The New Orleans Index at Ten: Measuring Greater New Orleans’ Progress toward Prosperity

Allison Plyer Nihal Shrinath Vicki Mack

Published: Jul 31, 2015

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When Hurricane Katrina struck and the levees protecting metro New Orleans failed, the western world witnessed an unprecedented catastrophe. More than 1,000 people died, more than a million were displaced, and total damage to the region was estimated at $151 billion. But since August 2005, the world has experienced multiple large-scale disasters including the 2010 earthquakes that devastated Haiti, the 2011 Great East Japan earthquake and tsunami that killed over 15,000 people, and Hurricane Sandy in 2012, which caused over 100 deaths and $67 billion in damage along the East Coast.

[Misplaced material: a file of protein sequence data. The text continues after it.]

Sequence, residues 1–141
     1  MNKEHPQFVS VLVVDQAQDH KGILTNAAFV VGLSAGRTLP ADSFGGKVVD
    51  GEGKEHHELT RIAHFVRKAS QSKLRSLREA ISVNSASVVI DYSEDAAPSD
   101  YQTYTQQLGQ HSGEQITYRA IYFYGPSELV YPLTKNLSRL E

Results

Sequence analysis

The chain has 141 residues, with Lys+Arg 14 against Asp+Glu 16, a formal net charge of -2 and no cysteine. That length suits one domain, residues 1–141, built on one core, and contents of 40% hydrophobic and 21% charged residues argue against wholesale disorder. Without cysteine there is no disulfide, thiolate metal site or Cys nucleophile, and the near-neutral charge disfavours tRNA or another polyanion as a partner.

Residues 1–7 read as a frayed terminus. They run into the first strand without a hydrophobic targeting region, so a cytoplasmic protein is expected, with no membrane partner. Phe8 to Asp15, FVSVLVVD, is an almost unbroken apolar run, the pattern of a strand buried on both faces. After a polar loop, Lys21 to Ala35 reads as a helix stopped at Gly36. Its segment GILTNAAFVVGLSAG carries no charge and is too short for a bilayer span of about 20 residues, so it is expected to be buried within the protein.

Southeast Louisiana alone has experienced multiple shocks since 2005. Hurricane Katrina was followed quickly by Hurricane Rita. In subsequent years, Hurricanes Ike, Gustav, and Isaac all caused extensive flooding and wind damage across the region. And in 2010, the Deepwater Horizon explosion gushed millions of barrels of oil into the gulf, fouling miles of Louisiana’s delicate coastal wetlands—New Orleans’ first line of defense against storm surge.

Given the multiple shocks this region has suffered since 2005, the tenth anniversary of Katrina is an appropriate time to assess how the region has recovered from Katrina, and whether the city and metro area are fortifying the capacities necessary to be resilient in the face of any shock. Indeed since 2005, the prevalence of large scale disasters worldwide has drawn the attention of decisionmakers at every level. The lessons learned from New Orleans’ recovery experience can inform how the world not only responds to future disasters, but also how it builds the resiliency capacities needed to withstand any shock. Our indicators suggest that while the New Orleans economy is rebounding, and in some ways better than before, several social and environmental trends may test New Orleans’ resilience capacity in the future.